San Francisco-based artist Rebecca Szeto (previously) applies a heavy dose of social commentary to her ongoing Paintbrush Portraits. Through whittled busts and oil-based figurative renderings, Szeto alludes to a wide array of historical moments, significant figures, and issues that continue to impact the world today.

She transforms the used tools with hard bristles and stained ferrules—she’s committed to an ecologically-conscious practice that repurposes materials already available—into poetic works that are subversive and metaphorical. The optic handle of “Tapada Americana,” for example, references the Peruvian tradition of women wearing a skirt and mantel that fully covered their bodies, “leaving visible a single cycloptic eye,” the artist writes. “Differing from its cousins the burka and the hijab, it signified a level of discreet domestic freedom and sexual intrigue for women.”

Questions about modesty and dignity continue to influence Szeto’s practice, and she shares with Colossal:

I find myself circling this notion of grace, as the innate virtues and values we possess as humans. For me, grace signals our ability to keep an emotional distance that allows us the fortitude and creative agency to transform and re-imagine the world around us. My interest lies in how we transcend challenging times, linguistic labels and offer up teaching moments for serious play and energetic renewal.

For more of Szeto’s works that span painting, installation, and other mediums, visit her site and Instagram.

 

“Model Minority”

“Princess/Priceless (of Broglie. Ode to Ingres),” oil on carved paintbrush, 8 x 3 x .5 inches

“Princess/Priceless (of Broglie. Ode to Ingres),” oil on carved paintbrush, 8 x 3 x .5 inches

“Tapada Americana”

“Reflections on Beauty”

“Threading the Needle”

“Green (Immigrant)”

 

 



Art

Artist Simone Leigh Embodies Self-Determination in the Historic 'Sovereignty' at the Venice Biennale

May 3, 2022

Grace Ebert

Background: “Façade” (2022), thatch, steel, and wood, dimensions variable. Foreground: “Satellite” (2022), bronze, 24 feet × 10 feet × 7 feet 7 inches. All images courtesy of the artist and Matthew Marks Gallery, by Timothy Schenck, © Simone Leigh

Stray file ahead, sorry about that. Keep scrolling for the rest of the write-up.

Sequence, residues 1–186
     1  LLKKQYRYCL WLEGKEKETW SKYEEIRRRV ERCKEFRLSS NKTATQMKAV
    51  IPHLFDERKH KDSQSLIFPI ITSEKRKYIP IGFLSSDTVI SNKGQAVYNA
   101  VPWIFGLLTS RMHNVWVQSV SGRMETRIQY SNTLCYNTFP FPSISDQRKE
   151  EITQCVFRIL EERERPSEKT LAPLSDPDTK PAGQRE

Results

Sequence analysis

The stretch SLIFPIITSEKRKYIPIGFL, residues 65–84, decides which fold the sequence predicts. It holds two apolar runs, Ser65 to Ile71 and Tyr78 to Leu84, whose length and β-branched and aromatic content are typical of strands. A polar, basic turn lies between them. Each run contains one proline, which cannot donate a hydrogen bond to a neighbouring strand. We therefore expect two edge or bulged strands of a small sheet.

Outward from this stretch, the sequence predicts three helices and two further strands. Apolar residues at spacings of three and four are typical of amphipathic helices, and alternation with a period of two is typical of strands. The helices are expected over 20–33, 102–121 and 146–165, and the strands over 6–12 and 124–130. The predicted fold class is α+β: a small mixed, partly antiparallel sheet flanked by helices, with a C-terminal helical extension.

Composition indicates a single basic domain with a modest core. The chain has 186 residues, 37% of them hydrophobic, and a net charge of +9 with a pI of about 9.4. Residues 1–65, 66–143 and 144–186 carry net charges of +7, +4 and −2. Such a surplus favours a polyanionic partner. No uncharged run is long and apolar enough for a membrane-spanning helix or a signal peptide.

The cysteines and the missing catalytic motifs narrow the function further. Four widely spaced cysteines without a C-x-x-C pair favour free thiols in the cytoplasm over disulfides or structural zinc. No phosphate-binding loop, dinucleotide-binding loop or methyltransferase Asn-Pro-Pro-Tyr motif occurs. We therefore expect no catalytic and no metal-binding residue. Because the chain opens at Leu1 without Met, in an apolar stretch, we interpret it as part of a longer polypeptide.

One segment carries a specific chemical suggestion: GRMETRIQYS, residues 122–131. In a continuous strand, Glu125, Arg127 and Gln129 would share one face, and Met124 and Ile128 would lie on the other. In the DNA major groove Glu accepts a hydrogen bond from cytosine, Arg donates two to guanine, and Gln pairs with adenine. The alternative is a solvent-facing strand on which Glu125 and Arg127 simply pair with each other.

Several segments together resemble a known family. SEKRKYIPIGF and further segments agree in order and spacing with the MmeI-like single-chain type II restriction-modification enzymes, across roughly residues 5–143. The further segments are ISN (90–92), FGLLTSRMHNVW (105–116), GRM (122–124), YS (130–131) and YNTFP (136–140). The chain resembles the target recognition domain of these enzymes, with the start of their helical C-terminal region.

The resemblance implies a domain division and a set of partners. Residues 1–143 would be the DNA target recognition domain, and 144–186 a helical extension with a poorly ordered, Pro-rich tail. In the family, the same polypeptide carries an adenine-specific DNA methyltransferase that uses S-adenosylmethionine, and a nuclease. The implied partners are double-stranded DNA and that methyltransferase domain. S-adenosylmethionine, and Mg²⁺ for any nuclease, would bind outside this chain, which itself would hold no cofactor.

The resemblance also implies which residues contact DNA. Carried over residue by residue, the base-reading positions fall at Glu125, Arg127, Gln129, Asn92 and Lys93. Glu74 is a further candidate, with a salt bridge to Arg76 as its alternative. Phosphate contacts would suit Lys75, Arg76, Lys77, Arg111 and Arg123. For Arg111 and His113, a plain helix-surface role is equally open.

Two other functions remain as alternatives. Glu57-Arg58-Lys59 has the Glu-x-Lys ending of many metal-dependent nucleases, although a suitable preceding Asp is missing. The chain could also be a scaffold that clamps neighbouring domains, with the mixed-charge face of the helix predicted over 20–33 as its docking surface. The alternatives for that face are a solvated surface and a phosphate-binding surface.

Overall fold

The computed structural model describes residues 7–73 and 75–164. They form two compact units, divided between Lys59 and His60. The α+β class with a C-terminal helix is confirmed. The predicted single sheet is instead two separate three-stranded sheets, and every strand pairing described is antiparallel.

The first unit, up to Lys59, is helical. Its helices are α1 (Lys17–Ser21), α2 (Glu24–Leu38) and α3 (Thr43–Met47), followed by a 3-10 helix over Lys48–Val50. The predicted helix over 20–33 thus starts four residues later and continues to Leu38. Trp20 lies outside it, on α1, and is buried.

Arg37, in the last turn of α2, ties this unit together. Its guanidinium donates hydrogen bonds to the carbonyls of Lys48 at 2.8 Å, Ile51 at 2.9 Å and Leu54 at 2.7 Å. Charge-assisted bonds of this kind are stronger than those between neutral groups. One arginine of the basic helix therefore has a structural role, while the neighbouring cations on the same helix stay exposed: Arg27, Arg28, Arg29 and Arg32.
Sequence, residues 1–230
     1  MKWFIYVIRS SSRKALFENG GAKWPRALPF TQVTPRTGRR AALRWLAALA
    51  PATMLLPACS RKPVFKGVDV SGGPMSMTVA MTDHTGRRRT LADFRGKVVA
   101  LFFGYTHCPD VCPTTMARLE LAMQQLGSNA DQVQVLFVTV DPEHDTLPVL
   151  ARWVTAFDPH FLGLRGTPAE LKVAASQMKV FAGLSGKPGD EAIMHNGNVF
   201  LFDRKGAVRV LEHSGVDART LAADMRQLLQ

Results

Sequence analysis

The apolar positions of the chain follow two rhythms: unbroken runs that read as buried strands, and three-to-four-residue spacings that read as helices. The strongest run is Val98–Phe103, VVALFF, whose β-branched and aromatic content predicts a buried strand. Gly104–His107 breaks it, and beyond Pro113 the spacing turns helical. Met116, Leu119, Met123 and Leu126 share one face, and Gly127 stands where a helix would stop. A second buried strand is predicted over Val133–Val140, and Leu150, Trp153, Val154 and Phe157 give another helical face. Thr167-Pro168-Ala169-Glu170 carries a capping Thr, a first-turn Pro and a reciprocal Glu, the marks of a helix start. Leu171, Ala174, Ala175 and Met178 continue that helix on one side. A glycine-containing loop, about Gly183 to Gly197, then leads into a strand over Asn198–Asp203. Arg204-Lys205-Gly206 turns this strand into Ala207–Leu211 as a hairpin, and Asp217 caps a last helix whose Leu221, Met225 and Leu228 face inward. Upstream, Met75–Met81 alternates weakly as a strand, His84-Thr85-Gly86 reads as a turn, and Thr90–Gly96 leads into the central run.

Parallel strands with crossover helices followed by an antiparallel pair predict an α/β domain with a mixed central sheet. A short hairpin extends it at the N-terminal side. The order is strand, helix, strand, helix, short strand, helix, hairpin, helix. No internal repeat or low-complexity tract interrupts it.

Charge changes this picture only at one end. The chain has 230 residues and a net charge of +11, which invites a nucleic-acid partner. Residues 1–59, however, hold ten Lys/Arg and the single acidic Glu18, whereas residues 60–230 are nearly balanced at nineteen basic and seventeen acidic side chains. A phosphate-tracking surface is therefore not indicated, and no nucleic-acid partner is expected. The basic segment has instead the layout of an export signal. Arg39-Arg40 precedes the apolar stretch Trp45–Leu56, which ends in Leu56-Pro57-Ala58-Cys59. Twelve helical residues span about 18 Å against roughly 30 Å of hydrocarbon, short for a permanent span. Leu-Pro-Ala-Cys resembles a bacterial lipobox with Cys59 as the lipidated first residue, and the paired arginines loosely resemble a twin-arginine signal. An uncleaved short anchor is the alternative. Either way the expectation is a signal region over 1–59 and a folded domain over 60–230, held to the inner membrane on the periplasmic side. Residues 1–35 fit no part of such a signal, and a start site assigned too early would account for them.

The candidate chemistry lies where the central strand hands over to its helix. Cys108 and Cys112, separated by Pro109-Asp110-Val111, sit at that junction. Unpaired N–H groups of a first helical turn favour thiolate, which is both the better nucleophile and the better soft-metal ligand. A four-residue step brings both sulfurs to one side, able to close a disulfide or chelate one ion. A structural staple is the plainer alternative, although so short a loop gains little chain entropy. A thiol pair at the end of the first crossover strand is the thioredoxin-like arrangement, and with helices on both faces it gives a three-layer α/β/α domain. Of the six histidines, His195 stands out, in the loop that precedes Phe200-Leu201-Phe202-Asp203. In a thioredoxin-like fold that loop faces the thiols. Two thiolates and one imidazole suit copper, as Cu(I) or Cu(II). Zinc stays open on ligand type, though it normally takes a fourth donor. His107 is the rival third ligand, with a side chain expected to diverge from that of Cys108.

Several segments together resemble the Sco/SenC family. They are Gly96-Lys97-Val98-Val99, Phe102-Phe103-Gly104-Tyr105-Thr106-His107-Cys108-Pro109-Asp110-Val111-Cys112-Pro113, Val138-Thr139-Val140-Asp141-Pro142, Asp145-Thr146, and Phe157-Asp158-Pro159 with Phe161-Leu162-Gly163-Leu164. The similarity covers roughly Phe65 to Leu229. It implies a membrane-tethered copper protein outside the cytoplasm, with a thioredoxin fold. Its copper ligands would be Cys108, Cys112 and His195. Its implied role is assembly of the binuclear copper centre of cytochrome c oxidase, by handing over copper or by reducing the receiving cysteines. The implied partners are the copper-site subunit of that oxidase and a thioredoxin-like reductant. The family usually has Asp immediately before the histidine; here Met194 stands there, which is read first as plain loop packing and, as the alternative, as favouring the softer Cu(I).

“To be sovereign is to not be subject to another’s authority, another’s desires, or another’s gaze but rather to be the author of one’s own history.” This conviction founds Simone Leigh: Sovereignty, the artist’s new body of work created for the U.S. Pavilion of the 2022 Venice Biennale. Leigh is the first Black woman to be awarded the prestigious commission.

Comprised of towering bronze works and ceramics, the exhibition continues Leigh’s questions about self-determination, historical erasure, and Black femme subjectivity. She explores both interiority and what it means for Black women, who she’s repeatedly described as her primary audience, to move through the world.

While largely sculptural, Sovereignty opens with Leigh’s reinterpretation of the pavilion’s Palladian-style facade. A thatched roof and wooden columns cloak the stately architecture in reference to the 1931 Paris Colonial Exposition, which celebrated French dominance and extracted and exoticized objects, images, and materials of African cultures. The Jamaican woman hunched over a mirrored pool in “Last Garment,” a depiction Leigh originally discovered on a vintage postcard, similarly rebukes colonialism and the negative stereotypes it perpetuates.

 

“Last Garment” (2022), bronze, 54 × 58 × 27 inches

Inside are additional figurative works, including the soaring, abstract bronze piece titled “Sentinel,” which has a wide, sloping head and echoes the squat “Satellite” at the exhibition’s entrance. Evoking the artistic traditions within Africa and of the diaspora, many of the pieces address questions and themes that recur in Leigh’s practice, although they extend her oeuvre, as well. As with her earlier works, cowrie shells make an appearance, emerging from a large, ceramic jug and resting atop a raffia dome in “Cupboard.” The standing bronze “Sharifa,” on the other hand, depicts Leigh’s friend, the writer Sharifa Rhodes-Pitts, and is the artist’s first portrait.

“In order to tell the truth, you need to invent what might be missing from the archive, to collapse time, to concern yourself with issues of scale, to formally move things around in a way that reveals something more true than fact,” she says in a statement about Sovereignty, adding in her opening remarks that, “Black women and Black people in general across the diaspora … We often are getting information from someone who had a different intention than we have.”

In addition to Sovereignty, Leigh’s monumental bust “Brick House,” which was stationed at the High Line through May of 2021, is included in the Biennale’s international exhibition The Milk of Dreams, on view through November 27. “Brick House” also won a Golden Lion, the exhibition’s highest award.

 

“Cupboard” (2022), raffia, steel, and glazed stoneware, 135 1/2 × 124 × 124 inches

“Sphinx” (2022), glazed stoneware, 29 3/4 × 56 3/4 × 35 inches

Detail of “Sharifa” (2022), bronze, 111 1/2 × 40 3/4 × 40 1/2 inches

“Sentinel” (2022), bronze, 194 × 39 × 23 1/4 inches

“Martinique” (2022), glazed stoneware, 60 3/4 × 41 1/4 × 39 3/4 inches

“Jug” (2022), glazed stoneware, 62 1/2 × 40 3/4 × 45 3/4 inches